Commission on Health and Safety and Workers' Compensation

Executive Summary

CHSWC Study of the Division of Workers' Compensation Audit Function


The 1989 California workers' compensation reform legislation established an audit function within the Division of Workers' Compensation (DWC) to monitor the performance of insurers, self-insured employers, and third-party administrators to ensure that industrially-injured workers were receiving proper benefits in a timely manner.

In April 1998, the Senate Industrial Relations Committee and the Assembly Insurance Committee jointly requested that the Commission undertake an evaluation of the effectiveness of the audit function of the Division of Workers' Compensation.

The study determined that although much time and effort was being expended by the DWC Audit Unit in performing audits of workers' compensation insurers, a redirection of these activities would produce more effective outcomes. The research team found that the current audit procedure did not include all insurers within a reasonable period of time, did not focus on the worst performers and concentrated penalties on relatively inconsequential violations.

After research and thoughtful discussions with the Audit Advisory Committee and other community members, the project team is recommending a new DWC Audit System. The focus of this new system would be

The following is a summation of findings and recommendations from that study. Detailed descriptions are presented in the full report.


Major Findings

We believe that an audit function is an important and necessary component of the California workers' compensation system. If staffed appropriately and focused on critical areas, a workers' compensation audit function will continue to be a useful tool to ensure prompt and accurate delivery of benefits to industrially-injured workers.

The research team found the staff of the Audit Unit to be very knowledgeable, dedicated, and highly professional in their approach to and completion of their duties within the current parameters of the audit function. Suggestions for changes in this report should not be construed as criticism of overall Audit Unit staff performance.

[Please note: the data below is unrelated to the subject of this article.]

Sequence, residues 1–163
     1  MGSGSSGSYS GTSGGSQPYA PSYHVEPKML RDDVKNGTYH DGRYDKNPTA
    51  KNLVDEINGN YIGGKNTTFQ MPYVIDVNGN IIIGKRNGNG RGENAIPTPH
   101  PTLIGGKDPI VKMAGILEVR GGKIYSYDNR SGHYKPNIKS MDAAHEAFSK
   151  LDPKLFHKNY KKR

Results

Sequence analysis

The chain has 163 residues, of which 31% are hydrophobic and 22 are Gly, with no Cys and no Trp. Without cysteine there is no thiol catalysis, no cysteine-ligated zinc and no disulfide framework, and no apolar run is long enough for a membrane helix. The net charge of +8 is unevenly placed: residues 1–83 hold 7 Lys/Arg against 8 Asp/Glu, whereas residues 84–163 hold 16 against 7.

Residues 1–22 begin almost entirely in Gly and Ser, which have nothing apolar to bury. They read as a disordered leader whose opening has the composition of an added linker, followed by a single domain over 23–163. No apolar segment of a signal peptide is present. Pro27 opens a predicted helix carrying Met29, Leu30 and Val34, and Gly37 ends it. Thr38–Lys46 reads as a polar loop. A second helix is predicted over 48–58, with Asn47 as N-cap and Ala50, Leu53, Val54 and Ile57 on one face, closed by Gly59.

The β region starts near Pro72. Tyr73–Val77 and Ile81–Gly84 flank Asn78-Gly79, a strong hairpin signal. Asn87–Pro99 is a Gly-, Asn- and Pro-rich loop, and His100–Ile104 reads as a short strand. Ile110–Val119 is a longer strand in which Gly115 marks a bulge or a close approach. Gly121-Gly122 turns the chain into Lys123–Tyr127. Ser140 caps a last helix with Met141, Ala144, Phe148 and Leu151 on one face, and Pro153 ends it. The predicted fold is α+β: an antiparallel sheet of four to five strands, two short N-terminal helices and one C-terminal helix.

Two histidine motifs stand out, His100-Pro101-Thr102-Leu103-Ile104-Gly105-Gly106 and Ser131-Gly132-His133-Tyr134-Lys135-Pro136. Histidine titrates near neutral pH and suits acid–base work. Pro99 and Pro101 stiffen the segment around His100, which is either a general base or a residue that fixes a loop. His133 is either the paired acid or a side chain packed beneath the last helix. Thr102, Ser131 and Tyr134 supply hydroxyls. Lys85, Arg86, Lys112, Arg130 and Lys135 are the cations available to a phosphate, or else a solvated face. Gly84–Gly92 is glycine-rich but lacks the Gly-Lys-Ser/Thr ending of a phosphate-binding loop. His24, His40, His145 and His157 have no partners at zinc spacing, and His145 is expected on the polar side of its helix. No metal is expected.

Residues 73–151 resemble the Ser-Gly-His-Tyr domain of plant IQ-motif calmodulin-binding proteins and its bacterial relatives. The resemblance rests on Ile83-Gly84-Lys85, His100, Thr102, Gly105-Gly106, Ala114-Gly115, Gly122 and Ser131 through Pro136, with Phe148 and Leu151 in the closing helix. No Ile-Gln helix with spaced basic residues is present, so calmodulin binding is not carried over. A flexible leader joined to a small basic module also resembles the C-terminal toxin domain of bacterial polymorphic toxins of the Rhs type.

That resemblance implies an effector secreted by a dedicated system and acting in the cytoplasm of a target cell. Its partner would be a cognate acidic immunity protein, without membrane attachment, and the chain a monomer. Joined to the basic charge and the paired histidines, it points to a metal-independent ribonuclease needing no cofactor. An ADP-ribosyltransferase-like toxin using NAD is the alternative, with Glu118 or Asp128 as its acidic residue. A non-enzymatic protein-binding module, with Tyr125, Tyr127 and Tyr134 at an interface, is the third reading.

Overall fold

However, we have determined that improvements could and should be made to this vital program. The following are findings on which the Legislature, the Commission, the DWC, and the workers' compensation community could base decisions to improve this function in the State of California.

Findings were noted in the following areas:




As a result of the Commission's analyses and with the participation of the Advisory Committee, proposals are being made to address system shortcomings or failures. These include recommendations regarding the DWC Audit Function and other aspects of the California workers' compensation system affecting benefit delivery.

Recommendations for the Audit function:

Recommendations for other aspects of the California workers' compensation system affecting benefit delivery:



Overview of Proposed Audit Process

Under current DWC audit procedures, locations are rarely subject to random audits and almost never subject to targeted audits. The Commission recommends the replacement of current audit procedures with the following:

The results of the routine audits should be used to:





Highlights of Proposed Changes


Proposed Penalty Structure

The Commission Research Team found that the current audit penalty structure offered insufficient incentives for good performance and was biased in its application. The Project Research Team recommends a penalty structure that would:

These changes are meant to:

Administrative Penalties

If a location fails the FCA, the location would be subject to the following administrative penalties, based on the size of the location and the size of the sample selected for the auditing process.


Table of Administrative Penalties


If a location passes at the FCA level, administrative penalties for unpaid or late paid compensation would be paid at the minimum level (Rank 1).